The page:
Party City to close 45 stores; Q1 sales miss
Party City’s first-quarter earnings matched the Street even as its sales fell short, impacted by a shortage of helium that deflated balloon sales.
In reporting its results, the party goods retailer also announced it plans to shutter about 45 of its approximately 870 locations in 2019. The closings will occur throughout the year.
“Each year, Party City typically closes 10-15 stores as a part of our prudent network optimization process and in response to ongoing consumer, market and economic changes that naturally arise in the business,” said James M. Harrison, CEO, Party City Holdco. “This year, after careful consideration and evaluation of our store fleet, we’ve made the decision to close more stores than usual in order to help optimize our market-level performance, focus on the most profitable locations and improve the overall health of our store portfolio.”
Party City reported a net loss for the quarter of $26.6 million, or $0.32 cents a share, for the quarter ended March 31, compared to earnings of $4.1 million, or a loss of $0.01 a share, in the year-ago period. Excluding costs related to the company’s “store-optimization program” and other items, adjusted EPS were $.01 cent, matching estimates.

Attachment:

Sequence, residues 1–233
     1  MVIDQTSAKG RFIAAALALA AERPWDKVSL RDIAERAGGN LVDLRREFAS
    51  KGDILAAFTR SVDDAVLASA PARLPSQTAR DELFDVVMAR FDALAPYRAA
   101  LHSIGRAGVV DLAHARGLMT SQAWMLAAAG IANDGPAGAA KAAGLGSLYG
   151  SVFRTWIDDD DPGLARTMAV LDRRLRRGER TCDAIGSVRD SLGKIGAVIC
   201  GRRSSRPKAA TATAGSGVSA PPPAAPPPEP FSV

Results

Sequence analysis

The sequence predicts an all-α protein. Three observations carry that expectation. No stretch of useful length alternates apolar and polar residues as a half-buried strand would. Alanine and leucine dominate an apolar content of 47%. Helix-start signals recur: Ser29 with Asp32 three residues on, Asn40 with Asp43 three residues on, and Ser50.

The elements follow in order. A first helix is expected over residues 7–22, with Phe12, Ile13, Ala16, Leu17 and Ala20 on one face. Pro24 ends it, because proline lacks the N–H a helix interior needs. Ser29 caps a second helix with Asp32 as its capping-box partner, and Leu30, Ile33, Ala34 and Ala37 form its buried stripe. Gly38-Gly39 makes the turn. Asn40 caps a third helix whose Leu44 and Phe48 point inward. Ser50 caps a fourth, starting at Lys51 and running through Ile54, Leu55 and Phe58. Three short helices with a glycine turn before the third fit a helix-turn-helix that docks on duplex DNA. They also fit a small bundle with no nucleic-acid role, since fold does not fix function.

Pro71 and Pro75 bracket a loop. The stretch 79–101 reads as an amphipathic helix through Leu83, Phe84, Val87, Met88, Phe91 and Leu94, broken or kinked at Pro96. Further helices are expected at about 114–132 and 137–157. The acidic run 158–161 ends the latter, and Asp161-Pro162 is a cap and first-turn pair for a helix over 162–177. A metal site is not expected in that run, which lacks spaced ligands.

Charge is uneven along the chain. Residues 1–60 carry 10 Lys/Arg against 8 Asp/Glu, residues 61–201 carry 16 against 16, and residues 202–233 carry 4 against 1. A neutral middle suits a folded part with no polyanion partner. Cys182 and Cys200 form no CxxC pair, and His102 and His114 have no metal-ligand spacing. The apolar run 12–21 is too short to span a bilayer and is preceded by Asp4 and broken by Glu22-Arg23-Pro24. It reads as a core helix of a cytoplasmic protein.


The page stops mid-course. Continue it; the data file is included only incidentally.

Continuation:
Total revenue rose 1% to $513.1 million from $507.8 million, missing the FactSet consensus of $522.6 million. Retail sales increased 4.0%, driven primarily by square footage growth from store acquisitions. Same-store fell 1.4%.
In comments, Harrison said that the chain’s first quarter results were impacted by a helium shortage, which negatively impacted the sale of its popular latex and metallic balloons. But the retailer has signed a new helium source agreement that will provide it with additional quantities beginning this summer, and continuing for the next two-and-a-half years.
“We believe this new source should substantially eliminate the shortfall we are experiencing at current allocation rates and improve our ability to return to a normal level of latex and metallic balloon sales,” said Harrison.
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